The paper I have reviewed can be found here and appears to be lead authored by a graduate student form New Mexico State University, Kyle Rankin. As such it is by no means a ‘perfect paper’, however it is written at a level that I could easily understand. A lot of the results are not presented in the most logical way and, in particular, many of the diagrams leave a lot to be desired but despite this, I really enjoyed reading the paper and would be interested to see if anything further comes of the findings.
This paper was about the interesting concept of an x-ray band, ultra high resolution space telescope, using a type of lens which requires a focal length of several hundred metres. This means that realistically the lens and the camera must be on separate spacecrafts, but in order to observe these spacecrafts must be held in perfect formation as they independently orbit the earth.
Some key parameters for the observations are investigated in the context of how these affect the fuel consumption and thus the lifetime of a mission. These parameters include the pointing direction of the telescope, the period of observation and the focal length of the lens. First however, the author establishes a model for investigating this and tests its validity against well-established data.
The model itself assumes a Keplerian orbit for each spacecraft ignoring any perturbations due to other bodies, electromagnetic effects, atmospheric effects or solar radiation pressure. It establishes a set of linearised equations which are solved numerically in Matlab as a simulation. The results of this simulation are compared against GMAT (General Mission Analysis Tool) which consists of very well validated orbit models and is thus used as a truth model.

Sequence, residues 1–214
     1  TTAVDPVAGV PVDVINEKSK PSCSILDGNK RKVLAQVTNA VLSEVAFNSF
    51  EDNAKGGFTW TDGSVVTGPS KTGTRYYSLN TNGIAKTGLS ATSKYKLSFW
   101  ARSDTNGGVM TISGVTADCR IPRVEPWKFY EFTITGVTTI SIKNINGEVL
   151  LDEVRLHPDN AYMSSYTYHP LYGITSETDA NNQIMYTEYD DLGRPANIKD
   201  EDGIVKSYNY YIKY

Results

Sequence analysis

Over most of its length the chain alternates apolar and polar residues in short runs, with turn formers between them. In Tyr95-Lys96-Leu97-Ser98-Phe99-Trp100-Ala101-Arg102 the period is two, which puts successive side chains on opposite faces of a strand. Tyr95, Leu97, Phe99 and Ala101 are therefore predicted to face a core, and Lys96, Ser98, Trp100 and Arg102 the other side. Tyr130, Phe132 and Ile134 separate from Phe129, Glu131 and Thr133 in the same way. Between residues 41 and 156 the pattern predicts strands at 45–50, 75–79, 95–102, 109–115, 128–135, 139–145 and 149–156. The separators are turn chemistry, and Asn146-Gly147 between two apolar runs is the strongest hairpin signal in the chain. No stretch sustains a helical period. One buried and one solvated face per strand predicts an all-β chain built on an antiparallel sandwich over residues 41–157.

It is found that whilst the linearised model does deviate from the truth model at some point, for focal lengths between 100m and 1km it remains valid for a good number of orbits. The deviation between model and prediction can be seen in this graph:
Next, by finding the amount of acceleration required on one of the spacecrafts, whilst allowing the other to follow its natural orbit, the fuel consumption was found for various conditions. Firstly the pointing direction of the telescope was varied to find what orientation required the minimum fuel. Plotting the acceleration required for each pointing direction, it was found that the required accelerations clumped depending on their right ascension angle. Whilst most, as expected, would require minimum acceleration at the furthest point in the orbit, this was not found to be the case for all, and although it is not explained why, I would be very interested to know more about this. Minimum fuel consumption was for the axis of the telescope to be normal to the plane of the orbit.
The amount of fuel required to hold formation during observation can be found by integrating under an acceleration graph and when normalised for fuel consumption per hour of observation time, it was found that up to around one and a half hours, an increase in observation time did not have much effect on increasing the rate of fuel consumption. This is shown in the following graph, which is approximately flat up to around 1.5 hours:
Finally the relationship between focal length and the acceleration required was found and due the linear nature of the model, this relationship was also found to be linear within the scope of the model.
The lifetime of a mission was conservatively estimated by assuming the amount of fuel that the spaceship would carry and the rate at which it would use this fuel according to the previous results. In the end, the paper concluded 1000 hours as a very conservative minimum for the total observation time achievable.